What Is Core Exercise Training?
In the last 10 years core training has changed from being abdominal exercises to include all of the core muscles.
The core muscles are the muscles in the body’s center of gravity that support the spine and torso; the core muscle group does not include the muscles of the arms and legs. These muscles are the main support of the body and these are the muscles that initiate movement.
Working out all of the core muscles instead of focusing on the abdominal muscles helps to build a stronger foundation for other workouts and activities. Strengthening the core muscle group enhances athletic performance. These muscles can also reduce back pain by maintaining the lumbar curve and overall posture.
Strength training in the core muscles helps to stabilize the body while allowing the muscles to work together and function as a unit. This helps to stabilize the body during complex movements that are performed by multiple muscles simultaneously. The core itself is the base of the body. This is the area where all of the major activity and vital functions that do not occur within the brain occur. The muscles of the core include:
Rectus Abdominis. The abdominal muscle group that is worked to give the six-pack look.
Internal and External Obliques. These run in opposite directions to each other and are on the abdomen and sides.
Transverse Abdominis (TVA). This is the waist muscles or deepest of abdominal muscles located underneath the obliques and wrapped around the spine.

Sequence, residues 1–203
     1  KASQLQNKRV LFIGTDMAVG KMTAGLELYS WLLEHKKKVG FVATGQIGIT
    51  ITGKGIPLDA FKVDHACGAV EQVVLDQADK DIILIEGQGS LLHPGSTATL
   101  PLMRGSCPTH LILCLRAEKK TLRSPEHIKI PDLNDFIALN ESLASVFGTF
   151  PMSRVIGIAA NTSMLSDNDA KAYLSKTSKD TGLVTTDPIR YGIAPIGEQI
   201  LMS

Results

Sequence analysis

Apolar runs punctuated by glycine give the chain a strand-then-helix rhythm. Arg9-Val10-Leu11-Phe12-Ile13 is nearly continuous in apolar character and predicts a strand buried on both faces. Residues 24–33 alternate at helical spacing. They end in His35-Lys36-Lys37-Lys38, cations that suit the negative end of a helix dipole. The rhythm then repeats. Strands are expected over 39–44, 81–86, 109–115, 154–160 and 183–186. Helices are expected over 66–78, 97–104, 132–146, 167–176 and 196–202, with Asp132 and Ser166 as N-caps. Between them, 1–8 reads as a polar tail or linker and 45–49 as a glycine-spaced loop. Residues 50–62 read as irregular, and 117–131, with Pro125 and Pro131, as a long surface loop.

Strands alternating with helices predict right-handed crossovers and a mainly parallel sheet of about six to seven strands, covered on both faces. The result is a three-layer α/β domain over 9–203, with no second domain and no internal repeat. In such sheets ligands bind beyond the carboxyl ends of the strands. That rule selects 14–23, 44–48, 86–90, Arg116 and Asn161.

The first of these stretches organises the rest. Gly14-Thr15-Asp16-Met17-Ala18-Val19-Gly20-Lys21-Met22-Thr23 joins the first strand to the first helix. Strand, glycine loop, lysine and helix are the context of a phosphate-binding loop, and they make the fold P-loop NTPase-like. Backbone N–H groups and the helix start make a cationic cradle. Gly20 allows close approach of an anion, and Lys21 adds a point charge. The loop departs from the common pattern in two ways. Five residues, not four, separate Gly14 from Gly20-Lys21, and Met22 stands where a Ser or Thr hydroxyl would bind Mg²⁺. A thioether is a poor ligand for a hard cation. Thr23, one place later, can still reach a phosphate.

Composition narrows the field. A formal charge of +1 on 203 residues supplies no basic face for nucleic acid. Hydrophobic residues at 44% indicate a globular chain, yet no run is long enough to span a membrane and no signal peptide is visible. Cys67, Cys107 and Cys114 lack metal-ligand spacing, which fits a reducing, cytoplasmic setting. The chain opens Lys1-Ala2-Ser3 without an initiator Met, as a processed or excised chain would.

Multifidus and Erector Spinae. The muscles that are used to rotate the spine and the group of muscles from the neck to the low back.
Hip Flexors and Abductors. These are the muscles that move the hips and upper thighs.
Gluteus Medius and Minimus, Gluteus Maximus, Hamstring and Piriformis. These muscles are often referred to as the butt and are located in the upper thigh, at the side of the hip and the back of the hip.
When the core muscles become weak you will begin to see problems including bad posture, weak abs, excess adipose tissue around the midsection and more specifically on the abdomen and a decline in organ health.
A weakened core can contribute to several health problems including stress; which in turn contributes to more health issues. Weak core muscles affect overall health and fitness. Internal organs in the core are not properly protected when the core muscles are weak. These organs are also unable to perform their functions properly when they are hidden under adipose tissue.
Strengthening the core muscles goes beyond ab routines. Ab exercises are good exercises and should not be eliminated from your routine; they are just not enough to strengthen the core.
Some good exercises for core training include resistance and instability exercises. Working out on a stability ball helps the core muscles to develop and strengthens the core muscles. If you don’t have a stability ball, you can still do core strength training by doing Pilates.
A routine that includes exercise working each of the muscles from the core group should be included in your weekly routine. It is important that you have worked each muscle at least once a week and preferably three times a week.
Exercises to include in your routine could be:
Plank and side plank exercise
Working all of the muscles in your core muscle group instead of focusing on the abdominal muscles will give you the stability and strength in the core to build on.
Keeping your core strength is important for several areas of health and fitness.
Pilates is a excellent forms of exercise, as is using a wobble board or stability ball.
When you want to focus on core strength training there are many different exercises you can choose.
The answer is to find those that best suit your abilities because they will be the most beneficial.